Strong, creative and kind human beings inspire me. Bold woman artists, poets, and visual designers such as Clarice Lispector and Valie Export inspired recent works I have created. I am moved by the human condition- everything from struggle and peace to sexuality, gender, awkwardness, race, memory, loss, greed, acceptance, youth, age, politics, discrimination, corruption, rules, breaking the rules, birth, freedom….I am interested in how we experience this time on earth and how we deal with all that comes up.
What does feminism mean to you and do you consider yourself to be a feminist?
Feminism means gender equality. Human equality. Yes, I am a feminist.
What made you want to get involved with our non-profit ART SAVES LIVES INTERNATIONAL mission?
When I was introduced to Art Saves Lives International your mission moved me. I believe art can change and save lives. I have seen dance touch people’s lives through performance, therapy, and in the classroom.
Do you feel women have to conform to social norms and stereotypes to be taken seriously? Do you have any experiences of this?
I feel lucky to be a woman and it is sometimes even empowering. But, women are easily objectified and women dancers even more so. Our culture -specifically American culture – knows so little about dance. Early on in my career I would get questions about whether I danced in a bar or on Broadway or whatever people associated with women and dance. There is such a limited knowledge and support for the art form in America that I have found I have to make a strong effort to educate and inspire a possible dance lover. Another challenge is this: It is documented widely that male dancers and choreographers in my field far more easily rise through the ranks, while woman who are often as talented get left behind. As there are more women in the field, the statistics are much better for a man working in dance. Women come up against and have to navigate through ageism, politics, and gender stereotypical prejudices that I don’t think men ever encounter. I have had to work to keep my voice strong as a choreographer. I think having children was a real wake up call for me; in particular having a girl. I want to model the feminine potential for her. That said, I still think women have to work twice as hard to accomplish what they want.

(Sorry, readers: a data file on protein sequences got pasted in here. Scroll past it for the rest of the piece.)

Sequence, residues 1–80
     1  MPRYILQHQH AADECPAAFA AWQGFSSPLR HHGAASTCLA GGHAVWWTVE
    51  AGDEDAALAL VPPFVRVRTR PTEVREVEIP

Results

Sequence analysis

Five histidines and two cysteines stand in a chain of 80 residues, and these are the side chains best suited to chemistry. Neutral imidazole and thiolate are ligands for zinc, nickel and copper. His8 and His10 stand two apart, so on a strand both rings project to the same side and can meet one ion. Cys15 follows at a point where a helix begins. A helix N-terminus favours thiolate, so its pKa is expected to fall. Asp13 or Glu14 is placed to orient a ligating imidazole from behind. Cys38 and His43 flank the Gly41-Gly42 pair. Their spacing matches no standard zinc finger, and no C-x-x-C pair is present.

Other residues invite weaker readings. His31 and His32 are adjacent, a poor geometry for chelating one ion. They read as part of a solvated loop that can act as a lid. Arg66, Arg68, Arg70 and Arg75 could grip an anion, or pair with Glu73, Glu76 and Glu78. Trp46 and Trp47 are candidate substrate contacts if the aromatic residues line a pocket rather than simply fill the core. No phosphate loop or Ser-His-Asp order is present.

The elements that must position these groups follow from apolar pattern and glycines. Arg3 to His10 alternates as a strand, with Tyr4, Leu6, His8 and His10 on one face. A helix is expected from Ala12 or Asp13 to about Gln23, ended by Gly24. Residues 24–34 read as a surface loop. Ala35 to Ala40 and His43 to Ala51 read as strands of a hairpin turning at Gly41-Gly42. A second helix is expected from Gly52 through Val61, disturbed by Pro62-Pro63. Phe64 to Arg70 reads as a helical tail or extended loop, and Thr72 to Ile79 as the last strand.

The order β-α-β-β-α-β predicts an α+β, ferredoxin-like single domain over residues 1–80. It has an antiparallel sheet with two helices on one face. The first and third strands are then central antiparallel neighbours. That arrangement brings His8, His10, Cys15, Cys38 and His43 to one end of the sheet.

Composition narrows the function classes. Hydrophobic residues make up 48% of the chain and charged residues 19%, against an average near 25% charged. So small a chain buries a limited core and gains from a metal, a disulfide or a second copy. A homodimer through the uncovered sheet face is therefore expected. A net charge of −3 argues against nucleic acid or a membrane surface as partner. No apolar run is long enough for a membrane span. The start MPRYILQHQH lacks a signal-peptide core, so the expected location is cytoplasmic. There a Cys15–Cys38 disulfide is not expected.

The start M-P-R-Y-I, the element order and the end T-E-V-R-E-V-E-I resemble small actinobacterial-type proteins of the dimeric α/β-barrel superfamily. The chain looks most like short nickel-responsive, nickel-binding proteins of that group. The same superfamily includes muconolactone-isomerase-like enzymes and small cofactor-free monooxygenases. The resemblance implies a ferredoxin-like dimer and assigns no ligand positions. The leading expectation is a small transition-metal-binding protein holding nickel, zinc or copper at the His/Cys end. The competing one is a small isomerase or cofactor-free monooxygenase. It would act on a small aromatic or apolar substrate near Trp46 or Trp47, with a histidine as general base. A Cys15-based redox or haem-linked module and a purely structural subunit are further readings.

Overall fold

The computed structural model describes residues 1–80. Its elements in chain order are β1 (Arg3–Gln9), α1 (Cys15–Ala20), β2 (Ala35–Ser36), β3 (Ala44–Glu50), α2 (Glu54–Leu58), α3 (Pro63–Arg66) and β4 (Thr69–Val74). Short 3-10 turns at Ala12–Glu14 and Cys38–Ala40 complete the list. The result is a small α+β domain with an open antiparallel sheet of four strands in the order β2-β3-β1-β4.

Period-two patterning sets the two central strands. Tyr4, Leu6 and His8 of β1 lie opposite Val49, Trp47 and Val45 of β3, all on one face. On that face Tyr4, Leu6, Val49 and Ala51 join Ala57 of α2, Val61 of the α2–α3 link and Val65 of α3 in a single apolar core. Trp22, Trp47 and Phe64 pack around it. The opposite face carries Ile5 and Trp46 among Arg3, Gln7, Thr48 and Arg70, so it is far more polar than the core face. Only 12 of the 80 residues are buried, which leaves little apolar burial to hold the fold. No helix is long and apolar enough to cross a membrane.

Do you think that women and men are equal in today’s societies around the world? Have you any experience of this?
No. Woman and men are not equal. We see horrific, unacceptable, extreme cases of this inequality all over the world.
I’m lucky to have been born into my situation. I choose to live in New York City where I believe issues of discrimination- gender, sexual, and racial are not as overt as other parts of America. But, inequality is still prevalent here. I experience it in the dance world, in academia, and in everyday life.
What does the statement ART SAVES LIVES mean to you and has art in anyway “saved” your life in any way?
Art has saved my life many times. Art makes you experience the world more fully and in multiple ways. It can be as simple as helping someone see a different perspective or point of view or as complex as building new synapses and connections for movement in the brain.
How can your art be used to create change and is this something you want for your art?
I have only recently felt the strong desire to bring about greater change with my work. I have always been interested in considering and connecting with my audience with my work. But as I get older and raise my children, I feel a new motivation to speak directly and connect more deeply to the audience in the work I create, as well as through activities such as community work, post-show talks, and open workshops.
What are your goals as with your art?
I want to move – whether it is subtly or grand- the audience and I want to be moved by the experience of the collaboration with everyone involved.
What is your next project or piece that you are working on?
My next work is a continuation of the questions that I have only begun to address in Her(e). I’m interested to further address how women are objectified and how we move/struggle with and through obstacles placed in our paths as well as unconscious constraints already set in place.
When I began this research, I was looking at it from a white female perspective and honestly focusing on white male privilege. It has become important to me at this point in the work to look at the African American male and how he is similarly objectified in a much different way.